I just had a very disturbing conversation with a Rackspace Cloud CSR. It went something like this:
CSR: Can I have your account user name and password?
Me: You want my password?
CSR: Yes sir.
Me: You know that's, like, security 101 that you should never reveal a password over the phone?
CSR: Yes sir, but in this case we need it to verify your account.
Me: OK, let me go change it to something I'm willing to tell you over the phone.
[Typety type type]
Me: OK, my password is now somereallylongbogusthing.
CSR (without any delay): Thank you. How can I help you?
Me: Wait, you must either be the world's fastest typist, or you can see my password on your screen.
CSR: That's right, sir, I can see your password.
Me: (The sound of my jaw hitting the floor.)
I am just stunned. I have used Rackspace for mission-critical servers in the past. They have always seemed reasonably competent, if not always 100% reliable. But this calls into question Rackspace's entire security policy. The first rule of computer security is that you do not store passwords in the clear. Never. Ever. No ifs ands or buts. You Just Don't Do That. And security is particularly critical in cloud computing, where your data ends up on hardware that can be reused by other people. If Rackspace is storing passwords in the clear, what else might they be screwing up? This really calls into question whether Rackspace can be trusted with mission-critical data.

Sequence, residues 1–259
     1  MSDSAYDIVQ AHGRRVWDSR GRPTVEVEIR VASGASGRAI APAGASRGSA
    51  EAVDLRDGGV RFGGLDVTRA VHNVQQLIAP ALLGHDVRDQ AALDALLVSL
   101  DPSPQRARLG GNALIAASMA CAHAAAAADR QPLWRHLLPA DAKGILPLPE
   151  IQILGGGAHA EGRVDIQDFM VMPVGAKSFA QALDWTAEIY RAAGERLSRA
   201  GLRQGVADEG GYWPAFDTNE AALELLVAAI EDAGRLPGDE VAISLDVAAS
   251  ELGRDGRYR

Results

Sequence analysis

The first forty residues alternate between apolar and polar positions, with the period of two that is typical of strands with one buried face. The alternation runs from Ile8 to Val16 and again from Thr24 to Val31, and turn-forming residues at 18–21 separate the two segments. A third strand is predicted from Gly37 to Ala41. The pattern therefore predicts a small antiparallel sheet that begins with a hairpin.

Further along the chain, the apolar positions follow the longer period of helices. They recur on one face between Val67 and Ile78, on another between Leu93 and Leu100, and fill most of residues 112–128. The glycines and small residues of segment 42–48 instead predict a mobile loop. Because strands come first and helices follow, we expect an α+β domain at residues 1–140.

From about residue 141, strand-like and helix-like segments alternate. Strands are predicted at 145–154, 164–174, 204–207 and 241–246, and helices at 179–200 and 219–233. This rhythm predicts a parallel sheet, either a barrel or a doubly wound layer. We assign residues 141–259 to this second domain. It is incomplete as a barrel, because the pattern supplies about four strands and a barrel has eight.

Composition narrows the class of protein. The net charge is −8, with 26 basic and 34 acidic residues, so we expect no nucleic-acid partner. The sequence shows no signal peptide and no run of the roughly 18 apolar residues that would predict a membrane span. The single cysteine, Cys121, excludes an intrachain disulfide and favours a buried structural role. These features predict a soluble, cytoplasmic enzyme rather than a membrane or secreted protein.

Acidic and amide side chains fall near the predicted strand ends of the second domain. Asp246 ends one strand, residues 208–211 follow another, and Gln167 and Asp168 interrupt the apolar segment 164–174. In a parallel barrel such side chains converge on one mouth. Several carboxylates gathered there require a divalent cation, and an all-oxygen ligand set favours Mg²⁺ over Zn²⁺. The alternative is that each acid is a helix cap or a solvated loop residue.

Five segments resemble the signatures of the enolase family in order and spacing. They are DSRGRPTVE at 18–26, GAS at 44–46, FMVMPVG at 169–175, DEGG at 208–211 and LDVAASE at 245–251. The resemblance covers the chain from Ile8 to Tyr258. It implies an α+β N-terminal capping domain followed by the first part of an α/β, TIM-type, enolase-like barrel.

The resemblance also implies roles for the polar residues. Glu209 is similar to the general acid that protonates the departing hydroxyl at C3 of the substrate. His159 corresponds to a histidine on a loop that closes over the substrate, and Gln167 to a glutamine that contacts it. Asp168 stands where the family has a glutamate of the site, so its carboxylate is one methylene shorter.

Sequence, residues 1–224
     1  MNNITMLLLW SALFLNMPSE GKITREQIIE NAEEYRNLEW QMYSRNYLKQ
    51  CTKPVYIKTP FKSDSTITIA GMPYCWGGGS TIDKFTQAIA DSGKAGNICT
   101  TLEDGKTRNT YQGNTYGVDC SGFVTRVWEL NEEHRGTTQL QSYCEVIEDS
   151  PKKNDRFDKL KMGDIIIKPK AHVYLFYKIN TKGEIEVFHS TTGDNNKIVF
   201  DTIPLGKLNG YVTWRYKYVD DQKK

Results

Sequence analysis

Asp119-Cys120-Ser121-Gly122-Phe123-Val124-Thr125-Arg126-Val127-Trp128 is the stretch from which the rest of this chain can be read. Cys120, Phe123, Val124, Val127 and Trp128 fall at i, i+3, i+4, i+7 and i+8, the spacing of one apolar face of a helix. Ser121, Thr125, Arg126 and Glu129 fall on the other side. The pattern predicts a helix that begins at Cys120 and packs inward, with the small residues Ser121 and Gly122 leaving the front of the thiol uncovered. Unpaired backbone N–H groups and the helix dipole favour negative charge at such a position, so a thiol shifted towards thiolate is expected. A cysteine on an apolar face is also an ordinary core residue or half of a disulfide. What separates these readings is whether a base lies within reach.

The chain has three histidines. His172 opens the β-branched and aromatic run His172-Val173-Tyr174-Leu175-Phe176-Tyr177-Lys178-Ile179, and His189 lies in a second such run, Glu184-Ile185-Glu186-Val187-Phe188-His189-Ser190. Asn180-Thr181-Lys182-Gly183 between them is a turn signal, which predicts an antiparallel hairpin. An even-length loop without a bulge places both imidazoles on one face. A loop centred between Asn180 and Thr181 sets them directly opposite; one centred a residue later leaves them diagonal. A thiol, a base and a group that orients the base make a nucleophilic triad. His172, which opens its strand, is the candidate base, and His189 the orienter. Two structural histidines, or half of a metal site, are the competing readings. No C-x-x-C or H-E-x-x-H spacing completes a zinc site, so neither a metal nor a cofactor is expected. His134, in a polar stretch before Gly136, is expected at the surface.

Good grief, Rackspace, I really wanted to like you. But what were you thinking?
[UPDATE:] It really is as serious as I thought. WIth the account password you can change contact information and reset the root password on all your servers. So unless and until this is fixed you should not use RSC for anything mission critical. I hope they do fix this because other than that I really like RSC. Their UI is very well designed, and setting up a server was amazingly fast and painless.